Microsoft’s Steve Clayton is right; there certainly is something alluring about white technology. The color is clean, sleek, pure, and, when executed in an industrial design correctly, it can look stunning. That being said, for those of you who are fans of white gadgetry, Microsoft have announced the Xbox 360 Special Edition 4GB Kinect Bundle.
Priced at $299, here’s what you get: A white Xbox 360 4GB console, a glossy white Kinect sensor, a white Xbox 360 wireless controller, two popular Kinect titles — Kinect Sports and Kinect Adventures — and finally a three month subscription to Xbox LIVE Gold. This special edition console is available in the US and in some parts of the world starting today, and it will be hitting the shelves in Europe and Brazil sometime in the next few months.
Should you require a few additional controllers to play with friends, a special edition white controller will be available as well.
Microsoft has sold a over 65.8 million Xbox 360s and 18 million Kinect units worldwide since their respective launch dates. Recent data also suggests that the Xbox 360 was the best-selling console in 2011. With the console’s additional entertainment capabilities beyond gaming in mind, it’s no wonder that the Xbox 360 has been heralded as the king of the living room.
Now, we must keep in mind that this isn’t a unique count of people that have downloaded the build; if an individual downloaded the ISO several times, these downloads would also be factored into the count. Nevertheless, that’s still an impressive figure, and there’s likely still a good amount of people using the build as we speak.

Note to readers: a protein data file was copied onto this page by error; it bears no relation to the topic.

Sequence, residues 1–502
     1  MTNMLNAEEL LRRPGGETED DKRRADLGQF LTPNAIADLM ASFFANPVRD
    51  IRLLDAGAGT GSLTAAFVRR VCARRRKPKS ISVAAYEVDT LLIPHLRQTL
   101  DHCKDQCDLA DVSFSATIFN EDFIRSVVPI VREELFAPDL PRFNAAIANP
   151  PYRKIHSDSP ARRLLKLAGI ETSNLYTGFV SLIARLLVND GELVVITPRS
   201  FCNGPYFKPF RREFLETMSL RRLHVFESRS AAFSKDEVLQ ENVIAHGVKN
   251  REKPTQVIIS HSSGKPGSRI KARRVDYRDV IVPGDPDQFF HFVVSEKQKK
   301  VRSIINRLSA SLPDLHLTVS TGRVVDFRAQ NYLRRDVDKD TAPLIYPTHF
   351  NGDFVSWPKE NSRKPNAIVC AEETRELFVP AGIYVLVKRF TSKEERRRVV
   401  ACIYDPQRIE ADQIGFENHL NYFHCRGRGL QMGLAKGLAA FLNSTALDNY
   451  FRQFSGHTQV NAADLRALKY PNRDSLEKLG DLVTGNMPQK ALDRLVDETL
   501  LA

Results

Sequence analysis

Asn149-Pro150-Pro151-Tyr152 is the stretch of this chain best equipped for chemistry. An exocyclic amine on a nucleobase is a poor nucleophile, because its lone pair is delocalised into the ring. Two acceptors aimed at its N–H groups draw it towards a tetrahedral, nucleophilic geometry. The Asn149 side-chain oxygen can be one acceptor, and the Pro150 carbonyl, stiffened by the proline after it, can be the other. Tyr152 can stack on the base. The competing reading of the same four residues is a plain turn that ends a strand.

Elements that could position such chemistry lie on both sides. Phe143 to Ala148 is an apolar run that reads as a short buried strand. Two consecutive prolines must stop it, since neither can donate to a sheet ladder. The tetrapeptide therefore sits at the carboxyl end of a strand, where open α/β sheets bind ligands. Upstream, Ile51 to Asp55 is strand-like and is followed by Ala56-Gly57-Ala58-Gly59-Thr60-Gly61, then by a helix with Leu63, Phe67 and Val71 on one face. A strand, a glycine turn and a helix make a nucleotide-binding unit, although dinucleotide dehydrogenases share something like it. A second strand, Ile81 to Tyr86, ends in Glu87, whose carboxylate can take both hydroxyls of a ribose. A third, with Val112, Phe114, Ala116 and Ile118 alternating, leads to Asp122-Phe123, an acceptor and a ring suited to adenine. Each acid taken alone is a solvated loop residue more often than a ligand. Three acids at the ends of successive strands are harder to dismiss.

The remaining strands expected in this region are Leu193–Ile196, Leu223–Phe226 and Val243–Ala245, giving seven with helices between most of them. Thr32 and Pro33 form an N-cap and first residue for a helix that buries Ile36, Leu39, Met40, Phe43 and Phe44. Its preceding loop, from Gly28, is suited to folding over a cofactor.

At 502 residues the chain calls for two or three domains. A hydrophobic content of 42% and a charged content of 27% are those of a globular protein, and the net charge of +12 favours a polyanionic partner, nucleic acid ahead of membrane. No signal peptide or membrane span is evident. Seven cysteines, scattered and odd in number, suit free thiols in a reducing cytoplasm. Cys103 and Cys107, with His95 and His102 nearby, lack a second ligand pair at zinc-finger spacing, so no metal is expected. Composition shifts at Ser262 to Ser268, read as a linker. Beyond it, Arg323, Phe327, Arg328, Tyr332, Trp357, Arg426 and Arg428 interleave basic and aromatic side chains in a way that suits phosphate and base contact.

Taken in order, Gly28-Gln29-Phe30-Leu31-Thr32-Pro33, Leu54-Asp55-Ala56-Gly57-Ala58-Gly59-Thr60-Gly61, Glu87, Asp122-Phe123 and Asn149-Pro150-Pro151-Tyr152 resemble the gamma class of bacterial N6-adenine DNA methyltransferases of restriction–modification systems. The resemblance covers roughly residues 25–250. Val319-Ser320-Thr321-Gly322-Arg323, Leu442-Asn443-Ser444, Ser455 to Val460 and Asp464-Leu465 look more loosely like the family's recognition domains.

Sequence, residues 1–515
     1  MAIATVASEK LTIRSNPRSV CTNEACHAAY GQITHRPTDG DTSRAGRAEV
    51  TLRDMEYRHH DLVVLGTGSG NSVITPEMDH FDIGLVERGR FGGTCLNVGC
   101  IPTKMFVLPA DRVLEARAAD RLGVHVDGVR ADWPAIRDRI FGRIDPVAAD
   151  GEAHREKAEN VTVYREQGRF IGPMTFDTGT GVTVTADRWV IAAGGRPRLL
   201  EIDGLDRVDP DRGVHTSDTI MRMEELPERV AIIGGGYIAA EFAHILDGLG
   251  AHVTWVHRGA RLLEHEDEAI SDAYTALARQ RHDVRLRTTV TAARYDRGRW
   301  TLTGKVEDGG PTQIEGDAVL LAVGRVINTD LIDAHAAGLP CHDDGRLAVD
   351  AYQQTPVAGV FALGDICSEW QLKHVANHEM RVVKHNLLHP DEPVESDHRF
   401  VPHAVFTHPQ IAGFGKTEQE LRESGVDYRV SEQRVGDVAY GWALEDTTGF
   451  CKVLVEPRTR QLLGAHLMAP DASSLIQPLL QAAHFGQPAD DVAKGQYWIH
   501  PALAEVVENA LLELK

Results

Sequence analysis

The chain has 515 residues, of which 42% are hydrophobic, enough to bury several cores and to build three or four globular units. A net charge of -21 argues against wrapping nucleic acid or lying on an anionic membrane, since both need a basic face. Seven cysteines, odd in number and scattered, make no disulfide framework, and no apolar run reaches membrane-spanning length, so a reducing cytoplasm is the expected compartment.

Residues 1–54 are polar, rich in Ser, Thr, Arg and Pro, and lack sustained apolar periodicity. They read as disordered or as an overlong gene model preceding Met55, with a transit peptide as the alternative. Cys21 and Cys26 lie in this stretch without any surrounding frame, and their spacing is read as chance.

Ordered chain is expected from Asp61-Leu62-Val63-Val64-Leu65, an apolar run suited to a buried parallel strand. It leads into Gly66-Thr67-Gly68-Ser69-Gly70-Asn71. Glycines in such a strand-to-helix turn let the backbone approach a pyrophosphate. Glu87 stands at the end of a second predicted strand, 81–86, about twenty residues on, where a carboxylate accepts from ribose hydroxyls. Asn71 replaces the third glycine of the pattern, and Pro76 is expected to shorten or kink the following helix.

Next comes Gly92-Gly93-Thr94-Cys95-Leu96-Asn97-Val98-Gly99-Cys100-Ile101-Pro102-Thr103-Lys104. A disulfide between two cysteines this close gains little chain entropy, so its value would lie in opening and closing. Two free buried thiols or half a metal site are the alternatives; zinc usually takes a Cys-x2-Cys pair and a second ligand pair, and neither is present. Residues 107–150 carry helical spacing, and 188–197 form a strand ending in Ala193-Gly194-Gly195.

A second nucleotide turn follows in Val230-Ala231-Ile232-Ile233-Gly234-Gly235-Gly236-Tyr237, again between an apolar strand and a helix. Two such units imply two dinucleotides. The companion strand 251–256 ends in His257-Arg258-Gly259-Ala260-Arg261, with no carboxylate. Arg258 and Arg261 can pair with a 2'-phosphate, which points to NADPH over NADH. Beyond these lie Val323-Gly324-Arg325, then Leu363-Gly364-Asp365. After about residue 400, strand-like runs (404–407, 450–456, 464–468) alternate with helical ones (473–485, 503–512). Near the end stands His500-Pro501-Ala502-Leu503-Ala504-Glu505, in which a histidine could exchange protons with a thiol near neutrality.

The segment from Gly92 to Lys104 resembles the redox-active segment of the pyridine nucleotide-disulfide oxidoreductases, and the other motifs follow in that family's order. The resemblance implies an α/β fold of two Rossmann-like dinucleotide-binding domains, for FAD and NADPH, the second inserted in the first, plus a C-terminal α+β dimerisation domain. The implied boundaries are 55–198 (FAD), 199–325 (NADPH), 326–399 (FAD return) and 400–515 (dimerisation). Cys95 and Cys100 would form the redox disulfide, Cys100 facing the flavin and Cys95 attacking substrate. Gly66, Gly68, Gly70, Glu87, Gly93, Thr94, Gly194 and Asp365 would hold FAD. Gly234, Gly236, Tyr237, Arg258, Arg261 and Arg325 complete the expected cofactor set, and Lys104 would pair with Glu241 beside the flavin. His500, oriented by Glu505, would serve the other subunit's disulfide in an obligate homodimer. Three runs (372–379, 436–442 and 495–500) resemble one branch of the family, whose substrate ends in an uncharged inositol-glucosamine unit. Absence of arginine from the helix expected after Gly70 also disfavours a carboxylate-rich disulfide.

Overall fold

The Windows 8 Developer Preview — released last September at BUILD — was downloaded 500,000 times in a day, so by this metric, we can say that the Consumer Preview build is experiencing twice the traction. How does the traction of the Windows 8 Consumer Preview compare to that of the Windows 7 Beta? Unfortunately, Microsoft never disclosed the download milestones of it. However, we do know that the Windows 7 beta download was initially restricted to 2.5 million downloads, which Microsoft quickly lifted.
There have been 100,000 changes made in the CP build since the Developer Preview in September, according to Sinofsky. We recently wrote a post that outlines a few of the major improvements in the build, such as system-wide spellcheck and Microsoft Account.
The Bing Team have announced that they have released three apps to the Windows Store — which has opened its doors to submissions from developers on top of yesterday’s release of the Windows 8 Consumer Preview — are three apps that are powered by Bing: Finance, Weather, and Maps. All three of these apps are, of course, Metro apps, and thus display information in a very clean and minimal fashion.
Weather, for example, displays the current temperature, weather conditions, and a forecast of the coming days in the form of clean text that’s laid out against a beautiful background that’s relevant to the current weather.